Pilgrims of the Mountain.

From: On Cambrian and Cumbrian Hills (1908)
Author: Henry S. Salt
Published: Arthur C. Fifield 1908 London


Pilgrims of the Mountain

  THE pilgrimages of which I write are not made in Switzerland; my theme is a homelier and more humble one. Yet it is a mistake to think that to see great or at least real mountains it is necessary to go abroad; for the effect of highland scenery is not a matter of mere height, but is due far more to shapeliness than to size. There is no lack of British Alps within our reach, if we know how to regard them; as, for instance, the gloomily impressive Coolins of Skye, the granite peaks of Arran, or, to come at once to the subject of this book, the mountains of Carnarvonshire and Cumberland.

  For small and simple as are these Cambrian and Cumbrian hills of ours, when compared with the exceeding grandeur and vast complexities of the Swiss Alps or the Pyrenees, they are nevertheless gifted with the essential features of true mountains—with ridge and precipice, cloud and mist, wind and storm, tam and torrent; nor are snow and ice wanting to complete the picture in winter-time. Why, then, with this native wealth within our shores, must we all be carried oversea to climb Alps with guides, when without guides, and at far less cost of time and money, we may have the same mountain visions, and hear the same mountain voices at home? A few of us, at least, will refuse to bow the knee in this fetish worship of “going abroad”; for the benefit of going abroad depends mainly on person, temper, and circumstance; and to some mountain lovers a lifelong intimacy with their own hills is more fruitful than any foreign excursions can be.

  For my part, I like to do my distant mountaineering by means of books. If I wish, for example, to see the Sierra Nevada of the West, can I not do so in Muir’s Mountains of California, a book scarcely less real and life-giving than the heights by which it is inspired-far more so than any superficial visit in the weary role of tourist? And then, if the mood takes me, I know where to find and enjoy a Sierra Nevada of our own; for is not Snowdon, is not Scawfell, too, a Sierra Nevada during half the months of the year?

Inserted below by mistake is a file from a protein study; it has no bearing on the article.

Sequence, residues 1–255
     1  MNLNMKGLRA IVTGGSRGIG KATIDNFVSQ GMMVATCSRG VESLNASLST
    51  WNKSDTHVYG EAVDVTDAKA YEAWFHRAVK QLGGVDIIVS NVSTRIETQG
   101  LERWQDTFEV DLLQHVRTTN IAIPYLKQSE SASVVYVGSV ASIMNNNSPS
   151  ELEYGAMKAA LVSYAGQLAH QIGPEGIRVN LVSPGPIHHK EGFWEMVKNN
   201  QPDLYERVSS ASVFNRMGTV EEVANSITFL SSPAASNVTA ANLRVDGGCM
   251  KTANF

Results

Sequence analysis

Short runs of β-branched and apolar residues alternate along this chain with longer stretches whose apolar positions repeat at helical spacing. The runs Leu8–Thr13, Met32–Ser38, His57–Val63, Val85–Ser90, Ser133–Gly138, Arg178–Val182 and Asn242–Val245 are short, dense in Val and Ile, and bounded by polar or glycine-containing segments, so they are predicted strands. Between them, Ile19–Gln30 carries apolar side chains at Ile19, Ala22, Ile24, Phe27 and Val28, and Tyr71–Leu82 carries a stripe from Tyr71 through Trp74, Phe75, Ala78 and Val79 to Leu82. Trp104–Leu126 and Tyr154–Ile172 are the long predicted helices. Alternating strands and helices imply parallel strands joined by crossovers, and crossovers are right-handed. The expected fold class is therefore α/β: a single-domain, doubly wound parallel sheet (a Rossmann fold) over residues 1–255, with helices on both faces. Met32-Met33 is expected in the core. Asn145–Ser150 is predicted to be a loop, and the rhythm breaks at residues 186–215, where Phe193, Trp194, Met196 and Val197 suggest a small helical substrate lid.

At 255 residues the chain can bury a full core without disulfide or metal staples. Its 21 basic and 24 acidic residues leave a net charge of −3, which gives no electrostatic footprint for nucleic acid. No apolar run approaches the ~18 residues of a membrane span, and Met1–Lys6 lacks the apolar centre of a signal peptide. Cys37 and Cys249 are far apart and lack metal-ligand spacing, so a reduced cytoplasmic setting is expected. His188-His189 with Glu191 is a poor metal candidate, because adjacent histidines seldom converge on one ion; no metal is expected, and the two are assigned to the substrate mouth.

My pilgrims, then, are pilgrims to the less lofty, but not less worthy shrines of Lakeland and Wales; and nowhere do we see more clearly than in these districts the startling change that has come over the relations between Mountain and Man. When Gilpin visited Derwentwater in 1786, he quoted with approval the remark of an “ingenious person” who, on seeing the lake, cried out, “Here is Beauty indeed, Beauty lying in the lap of Horrour!” and in like spirit Thomas Pennant, in his Tours in North Wales, described the shore of Llyn Idwal as “a fit place to inspire murderous thoughts, environed with horrible precipices.” Then gradually the sense of beauty displaced the sense of “horrour,” and awe was melted into admiration; though still, to a quite recent time, we see reflected in the literature of our British mountains the belief that to ascend them was a perilous feat not to be lightly undertaken. Thus we read of a traveller who, having inquired of his host at Pen-y-Gwryd whether he might venture to ascend Snowdon without a guide, was dissuaded from such a headstrong attempt, which “would necessarily be attended with great risk”1; and another writer, in narrating his ascent by the easy Beddgelert ridge, some fifty years ago, exclaims with solemnity, “You felt that a false step would be fatal.”

  But there were some pioneers, long before climbing became a fine art, who knew and loved the mountains too well to fear them. Take, for instance, the story—one of the most interesting in these early records—of the unknown clergyman who, about the middle of the last century, used to haunt the Welsh hills, and was “possessed with a most extraordinary mania for climbing.” It is delightful to read of the enthusiasm with which he engaged in his pursuit.

  His object was, to use his own expression, “to follow the sky-line” of every mountain he visited. For example, he would ascend Snowdon from Llanberis, but instead of following the beaten track he would take the edge of the mountain along the verge of the highest precipices, following what he called the “sky-line,” until he reached the summit; he would then descend the other side of the mountain toward Beddgelert, in a similar manner. He appeared to have no other object in climbing to the wild mountain-tops than merely, as he said, to behold the wonderful works of the Almighty. In following the “sky-line,” no rocks, however rough, no precipices, unless perfectly inaccessible, ever daunted him. This singular mania, or hobby horse, he appears to have followed up for years, and continued with unabated ardour.2

That enthusiast, I am sure, was a true pilgrim, and it is to be regretted that his name is unrecorded.